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I consider myself a really lucky guy. In my career I've had the opportunity to write all kinds of things, most of them silly, and writing them has usually been fun. But every now and then I have had to put the silliness aside and say goodbye to a friend.

Just a little over seventeen years ago our family threw all our stuff in boxes, threw the boxes in a truck, and headed up the road from Ann Arbor to move into a house on the shores of Whitmore Lake. The house came with nice carpeting, a great view of the water, and a neighbor named Harold Lemon.

Harold was about 75 years old when I first met him. He was hobbling around his back yard with a cane, and in our first conversation he told me that he was just about to go in to have a hip replaced. My impression was, "Wow, what a nice old guy. He's just a little bit older than my dad would be if he was alive. I guess it's gonna be pretty quiet next door."


When Harold came out of the hospital with his new hip, I began to discover what the man was all about. Instead of complaining about the food in the hospital, he winked and told me how pretty his nurse was. Instead of griping about the pain, he marveled at the technology that could put a new joint in his worn-out hip. The doctors had given him a walker with tennis balls on the legs, a contraption that he was supposed to lean on for six months. He ditched it in a week and in less than a month he was out on the golf course. 

And so began one of the best relationships of my life.
There is a lot to know about maintaining a little patch of lakefront, and I had every bit of it to learn. You have to know about building docks, and maintaining seawalls, and repairing yard pumps, and tying up boats, and raking seaweed, and which way the wind should be blowing before you set fire to the brush pile. You also have to know when it's time to sip a cup of coffee on the deck and watch the swans glide by, or the perfect moment to crack open the first beer on a hot Saturday afternoon.
Harold knew all these things, and he was willing to become my surrogate dad and share his knowledge with me. He had a knack of sounding incredibly gracious and offhand in gently suggesting that I might not want to hop in the water with a live power cord in my hand.
One morning, while we were sipping our coffee and watching the swans, Harold suggested that he and I become partners in buying a pontoon boat. Up to that moment I had thought that to own a pontoon boat I would have to wear polyester pants belted just under my armpits and have the phone number of my proctologist on speed dial. Wrong again. 
Harold found us the perfect party barge, and we bought it at the perfect price. We spent the winter working together to restore it, he and I splitting up the work into tasks for which each of us was best suited. Harold tweaked the engine, updated the wiring, and restored the furniture on deck with beautifully handcrafted oak woodwork. I got the radio working and scraped the dried-up crud off the pontoons; I honestly don't think I've ever enjoyed myself more.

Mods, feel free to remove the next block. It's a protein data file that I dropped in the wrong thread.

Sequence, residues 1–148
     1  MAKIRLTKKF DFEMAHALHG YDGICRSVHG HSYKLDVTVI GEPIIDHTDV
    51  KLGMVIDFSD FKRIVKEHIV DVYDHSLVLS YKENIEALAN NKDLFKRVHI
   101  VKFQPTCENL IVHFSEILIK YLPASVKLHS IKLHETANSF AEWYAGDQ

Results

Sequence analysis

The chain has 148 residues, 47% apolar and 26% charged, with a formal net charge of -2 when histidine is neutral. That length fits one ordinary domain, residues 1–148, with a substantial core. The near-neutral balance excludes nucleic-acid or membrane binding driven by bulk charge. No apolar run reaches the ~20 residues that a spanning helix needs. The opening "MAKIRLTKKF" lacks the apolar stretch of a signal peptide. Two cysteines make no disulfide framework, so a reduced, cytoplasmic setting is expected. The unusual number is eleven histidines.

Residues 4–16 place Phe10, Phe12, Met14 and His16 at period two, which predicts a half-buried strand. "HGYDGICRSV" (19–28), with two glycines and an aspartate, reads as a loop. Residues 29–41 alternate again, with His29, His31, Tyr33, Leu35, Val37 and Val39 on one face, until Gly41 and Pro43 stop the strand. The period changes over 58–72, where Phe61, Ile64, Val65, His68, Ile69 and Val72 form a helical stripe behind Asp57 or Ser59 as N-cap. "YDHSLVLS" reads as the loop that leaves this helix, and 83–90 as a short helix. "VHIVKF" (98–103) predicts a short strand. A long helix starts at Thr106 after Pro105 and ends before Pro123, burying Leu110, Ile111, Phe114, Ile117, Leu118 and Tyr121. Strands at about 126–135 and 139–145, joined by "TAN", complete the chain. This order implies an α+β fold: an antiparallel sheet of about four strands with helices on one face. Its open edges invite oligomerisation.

I could probably fill a book with stories about Harold. Maybe someday I will. I could talk about the time he showed me the plans, sketched on the back of an envelope, for the walnut entertainment center he was going to build that winter. About us both pretending that I had anything useful to contribute to the conversation. About watching him mill the boards he was going to use to build it, and the jaw-dropping beauty of the final piece, with its inlays and hand-carved floral work. 
Or I could talk about all the little schemes he and I cooked up that didn't really work out all that well, like the time the two of us figured out a new and innovative method of installing the dock, carrying sections down the ones we had already installed. It worked too, keeping us warm, dry, and happy - for a while. The neighbors still talk about the sight of Harold and I slowly and majestically riding our half-built dock into the drink.
Now Harold is gone, off to the next great adventure. He was 92 years old and his health has been going downhill drastically for a while. It's been a couple of years since he could crank up his tools and produce one of his woodworking masterpieces. His amazing wife Donna had gone on ahead of him; that was another tough goodbye I had to write.  
You know, it's easy at a time like this to say things like, "He had a good life," or, "At least he isn't suffering any more," or, "He was ready." And I guess all those things would pretty much be true. 
That doesn't really approach the reality of losing someone like Harold, though. For as long as I live, every time I see something I don't understand happening on the lake, or run up against something I don't know how to do, or whenever I just feel like learning a few things with a nice cold bottle of Killian's Irish Red in my hand, my first inclination will be to call Harold.

Instead, I'll just have to heave a sigh and try to figure all it out on my own. But I along with that sigh I get to enjoy a little smile at the memory of the things I learned from Harold, and the things he and I learned together, and all the fun we had in the process.

Like I said, I consider myself a really lucky guy.


Copyright © 2010, Michael Ball

Mike Ball is the Erma Bombeck Award-winning author of "What I've Learned So Far..." and the book What I've Learned So Far... Part I: Bikes, Docks & Slush Nuggets.